Summary and full case available here, courtesy of The Colorado Lawyer.

Tenth Circuit: Qualified Immunity Improperly Denied to Officers Whose Conduct Not Clearly Prohibited by Established Law

The Tenth Circuit Court of Appeals issued its opinion in Quinn v. Young on Friday, March 13, 2015.

Plaintiffs John Quinn and Lavern Gonzalez were arrested after a sting operation. The Albuquerque Police Department (APD) had organized a sting (called the “Tact Plan”) in which they left a backpack containing alcohol, cigarettes, and a laptop next to an ATM and waited to see who would take it. Quinn, Gonzalez, and their child approached the backpack and conversed. The child took the backpack and the three went to a local diner. The police followed. At the diner, Gonzalez opened the backpack and examined its contents. When she opened the laptop, the APD logo appeared and officers arrested Quinn and Gonzalez. They were detained for approximately two days.

Plaintiffs filed a complaint in New Mexico’s federal district court against the officers, Sergeant Armijo, the APD chief, the APD, four APD supervisors, and the City of Albuquerque (collectively, defendants). Plaintiffs alleged that Defendants’ conduct, as well as the Tact Plan, violated their Fourth Amendment right to be free from unlawful seizure under § 1983. Plaintiffs also alleged entrapment and violation of their substantive due process rights by causing them embarrassment and humiliation. Defendants responded with a summary judgment motion, arguing the officers were entitled to qualified immunity, Plaintiffs had stated no constitutional violation by a municipal employee, and Plaintiffs had stated no actionable claim against the police chief or APD.

The district court granted Defendants’ motion in part and denied it in part, finding Plaintiffs had established a genuine issue of material fact as to whether there was probable cause for their arrest. The district court ruled that the officers should have been on notice that they could not arrest for larceny without probable cause and denied qualified immunity on Plaintiffs’ Fourth Amendment claim. Without making requisite findings, the district court denied qualified immunity on all Plaintiffs’ claims, and it did not articulate a basis for ruling on the entrapment claim. The officers timely appealed.

The Tenth Circuit first addressed the Fourth Amendment claim, evaluating whether the officers had probable cause to arrest Plaintiffs for larceny following the sting operation and whether clearly established law at the time of the offense would have placed a reasonable, similarly situated police officer on notice that no probable cause existed. Addressing the second question first, the Tenth Circuit found that any constitutional violation would not have been apparent based on the clearly established law existing at the time of the arrest, and the officers should have been granted qualified immunity. Finding the lack of on-point caselaw significant, the Tenth Circuit evaluated jurisprudence on non-sting larceny cases and found the officers would not have had fair warning that their arrests lacked probable cause. Additionally, two cases decided in 2013—three years after the arrests in issue here—also determined there was a lack of caselaw regarding the constitutionality of sting operations, supporting the Tenth Circuit’s position that the officers would not have had fair warning about the constitutionality of their arrests.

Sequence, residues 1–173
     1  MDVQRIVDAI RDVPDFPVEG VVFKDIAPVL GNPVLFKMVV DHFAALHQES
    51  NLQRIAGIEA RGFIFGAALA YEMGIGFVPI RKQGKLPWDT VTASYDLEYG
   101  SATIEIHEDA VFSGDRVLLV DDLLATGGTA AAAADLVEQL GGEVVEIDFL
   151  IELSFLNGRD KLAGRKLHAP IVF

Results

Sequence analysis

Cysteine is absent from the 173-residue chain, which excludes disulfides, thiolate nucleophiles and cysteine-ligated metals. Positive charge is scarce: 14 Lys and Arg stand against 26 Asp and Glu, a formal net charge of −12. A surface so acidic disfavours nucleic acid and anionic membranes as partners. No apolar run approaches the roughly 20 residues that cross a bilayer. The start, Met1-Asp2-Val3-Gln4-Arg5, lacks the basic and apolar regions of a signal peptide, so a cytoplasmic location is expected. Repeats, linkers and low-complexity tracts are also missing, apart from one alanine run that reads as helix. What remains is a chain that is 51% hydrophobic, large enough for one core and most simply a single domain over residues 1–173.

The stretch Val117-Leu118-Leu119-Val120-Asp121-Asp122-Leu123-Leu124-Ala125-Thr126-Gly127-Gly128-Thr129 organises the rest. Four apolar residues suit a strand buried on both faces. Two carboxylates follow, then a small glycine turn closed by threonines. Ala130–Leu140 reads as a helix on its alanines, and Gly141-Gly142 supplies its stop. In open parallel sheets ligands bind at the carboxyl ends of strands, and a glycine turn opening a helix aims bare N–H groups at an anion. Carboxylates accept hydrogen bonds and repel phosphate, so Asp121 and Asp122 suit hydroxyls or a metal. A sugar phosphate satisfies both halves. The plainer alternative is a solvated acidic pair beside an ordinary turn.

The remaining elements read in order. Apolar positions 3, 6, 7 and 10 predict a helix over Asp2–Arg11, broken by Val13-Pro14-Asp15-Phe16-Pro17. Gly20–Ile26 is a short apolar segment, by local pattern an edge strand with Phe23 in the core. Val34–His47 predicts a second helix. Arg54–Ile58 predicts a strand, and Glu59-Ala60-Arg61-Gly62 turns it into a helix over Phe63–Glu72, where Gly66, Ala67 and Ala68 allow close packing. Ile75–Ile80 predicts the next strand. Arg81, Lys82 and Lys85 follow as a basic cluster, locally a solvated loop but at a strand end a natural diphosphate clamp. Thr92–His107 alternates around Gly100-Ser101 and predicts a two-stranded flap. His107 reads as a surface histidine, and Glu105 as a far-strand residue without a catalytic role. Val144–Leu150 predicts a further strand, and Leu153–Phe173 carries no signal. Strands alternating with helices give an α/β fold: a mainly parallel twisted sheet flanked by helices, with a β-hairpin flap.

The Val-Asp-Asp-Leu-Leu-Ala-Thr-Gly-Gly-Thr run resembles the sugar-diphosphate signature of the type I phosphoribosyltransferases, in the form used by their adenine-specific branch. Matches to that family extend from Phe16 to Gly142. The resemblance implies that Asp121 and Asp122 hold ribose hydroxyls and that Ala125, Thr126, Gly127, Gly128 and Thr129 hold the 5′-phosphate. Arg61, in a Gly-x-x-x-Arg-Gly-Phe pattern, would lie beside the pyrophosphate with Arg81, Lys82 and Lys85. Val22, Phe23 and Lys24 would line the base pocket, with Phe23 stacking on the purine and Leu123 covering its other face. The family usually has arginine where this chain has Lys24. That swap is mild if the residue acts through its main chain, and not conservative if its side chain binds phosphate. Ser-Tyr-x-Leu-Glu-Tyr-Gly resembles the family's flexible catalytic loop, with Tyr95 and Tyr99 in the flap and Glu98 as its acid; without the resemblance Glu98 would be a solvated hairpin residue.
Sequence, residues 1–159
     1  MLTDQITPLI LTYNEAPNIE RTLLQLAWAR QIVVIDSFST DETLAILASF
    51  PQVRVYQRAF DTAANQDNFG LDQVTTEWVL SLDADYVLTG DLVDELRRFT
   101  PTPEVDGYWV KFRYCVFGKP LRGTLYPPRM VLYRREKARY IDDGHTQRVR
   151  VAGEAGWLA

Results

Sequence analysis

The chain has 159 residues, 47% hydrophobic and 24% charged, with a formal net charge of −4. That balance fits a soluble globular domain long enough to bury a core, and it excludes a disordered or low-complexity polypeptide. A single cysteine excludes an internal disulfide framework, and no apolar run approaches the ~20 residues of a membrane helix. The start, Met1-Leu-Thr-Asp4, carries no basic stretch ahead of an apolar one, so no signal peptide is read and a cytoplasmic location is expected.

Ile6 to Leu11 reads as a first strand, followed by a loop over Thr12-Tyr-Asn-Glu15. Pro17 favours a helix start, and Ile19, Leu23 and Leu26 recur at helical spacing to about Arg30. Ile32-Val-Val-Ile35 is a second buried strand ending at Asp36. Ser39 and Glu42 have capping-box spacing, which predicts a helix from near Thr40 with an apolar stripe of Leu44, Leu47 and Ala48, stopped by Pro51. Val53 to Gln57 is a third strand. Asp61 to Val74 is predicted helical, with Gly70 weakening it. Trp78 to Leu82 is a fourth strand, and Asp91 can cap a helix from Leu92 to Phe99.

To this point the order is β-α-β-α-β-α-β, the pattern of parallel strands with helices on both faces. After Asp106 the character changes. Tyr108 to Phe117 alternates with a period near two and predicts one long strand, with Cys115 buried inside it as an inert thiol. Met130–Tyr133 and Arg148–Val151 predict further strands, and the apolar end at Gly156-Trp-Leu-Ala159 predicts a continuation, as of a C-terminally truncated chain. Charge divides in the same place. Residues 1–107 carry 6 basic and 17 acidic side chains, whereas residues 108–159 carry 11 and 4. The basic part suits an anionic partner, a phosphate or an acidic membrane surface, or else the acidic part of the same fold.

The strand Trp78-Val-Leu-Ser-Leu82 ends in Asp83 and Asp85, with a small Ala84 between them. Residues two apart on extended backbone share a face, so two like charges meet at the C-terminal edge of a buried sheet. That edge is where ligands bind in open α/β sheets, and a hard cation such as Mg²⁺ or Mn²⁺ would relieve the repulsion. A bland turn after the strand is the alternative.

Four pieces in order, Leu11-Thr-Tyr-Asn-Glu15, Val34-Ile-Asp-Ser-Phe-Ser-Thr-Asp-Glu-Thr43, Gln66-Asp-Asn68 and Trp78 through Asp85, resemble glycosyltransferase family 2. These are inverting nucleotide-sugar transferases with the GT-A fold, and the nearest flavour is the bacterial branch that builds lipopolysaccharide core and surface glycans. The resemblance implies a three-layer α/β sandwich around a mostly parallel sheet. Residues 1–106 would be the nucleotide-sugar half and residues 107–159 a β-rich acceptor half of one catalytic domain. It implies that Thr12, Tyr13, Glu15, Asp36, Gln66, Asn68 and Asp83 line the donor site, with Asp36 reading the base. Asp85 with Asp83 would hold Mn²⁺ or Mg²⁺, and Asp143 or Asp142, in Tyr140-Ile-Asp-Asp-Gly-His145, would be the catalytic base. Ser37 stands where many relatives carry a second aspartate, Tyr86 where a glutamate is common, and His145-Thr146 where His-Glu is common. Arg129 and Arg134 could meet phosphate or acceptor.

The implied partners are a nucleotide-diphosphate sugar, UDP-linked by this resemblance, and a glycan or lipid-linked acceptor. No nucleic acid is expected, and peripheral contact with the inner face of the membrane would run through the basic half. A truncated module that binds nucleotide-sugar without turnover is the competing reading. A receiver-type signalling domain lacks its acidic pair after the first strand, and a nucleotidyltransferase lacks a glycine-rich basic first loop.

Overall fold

The Tenth Circuit next evaluated the officers’ challenge to the district court’s denial of qualified immunity on the entrapment, malicious prosecution, and due process claims. Recognizing that the district court “painted with broad strokes,” the Tenth Circuit addressed these points. The Tenth Circuit concluded that the entrapment claim was not properly before it on appeal, since Plaintiffs only named the government and not the officers in their entrapment claim, and dismissed it for lack of jurisdiction. The Tenth Circuit likewise exercised its discretion and declined to address the malicious prosecution and due process claims, opting instead for a limited remand with instructions for the district court to explicitly address whether the officers are entitled to qualified immunity on the malicious prosecution and due process claims and then rule on the claims based on the findings.